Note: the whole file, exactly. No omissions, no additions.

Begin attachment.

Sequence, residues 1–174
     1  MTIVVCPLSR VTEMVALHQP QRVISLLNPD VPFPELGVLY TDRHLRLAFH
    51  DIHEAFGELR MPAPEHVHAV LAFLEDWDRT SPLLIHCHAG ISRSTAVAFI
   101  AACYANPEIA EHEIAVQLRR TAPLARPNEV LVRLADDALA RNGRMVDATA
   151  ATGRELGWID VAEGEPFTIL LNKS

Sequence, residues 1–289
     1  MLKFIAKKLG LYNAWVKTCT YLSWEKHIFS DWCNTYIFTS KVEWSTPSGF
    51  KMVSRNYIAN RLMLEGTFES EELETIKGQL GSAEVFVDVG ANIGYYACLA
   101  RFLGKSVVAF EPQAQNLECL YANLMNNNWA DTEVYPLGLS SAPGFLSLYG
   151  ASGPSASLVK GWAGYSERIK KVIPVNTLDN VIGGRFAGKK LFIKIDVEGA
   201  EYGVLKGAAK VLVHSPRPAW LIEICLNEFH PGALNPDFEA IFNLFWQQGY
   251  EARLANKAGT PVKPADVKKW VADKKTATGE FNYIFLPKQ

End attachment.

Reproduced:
Sequence, residues 1–174
     1  MTIVVCPLSR VTEMVALHQP QRVISLLNPD VPFPELGVLY TDRHLRLAFH
    51  DIHEAFGELR MPAPEHVHAV LAFLEDWDRT SPLLIHCHAG ISRSTAVAFI
   101  AACYANPEIA EHEIAVQLRR TAPLARPNEV LVRLADDALA RNGRMVDATA
   151  ATGRELGWID VAEGEPFTIL LNKS

Sequence, residues 1–289
     1  MLKFIAKKLG LYNAWVKTCT YLSWEKHIFS DWCNTYIFTS KVEWSTPSGF
    51  KMVSRNYIAN RLMLEGTFES EELETIKGQL GSAEVFVDVG ANIGYYACLA
   101  RFLGKSVVAF EPQAQNLECL YANLMNNNWA DTEVYPLGLS SAPGFLSLYG
   151  ASGPSASLVK GWAGYSERIK KVIPVNTLDN VIGGRFAGKK LFIKIDVEGA
   201  EYGVLKGAAK VLVHSPRPAW LIEICLNEFH PGALNPDFEA IFNLFWQQGY
   251  EARLANKAGT PVKPADVKKW VADKKTATGE FNYIFLPKQ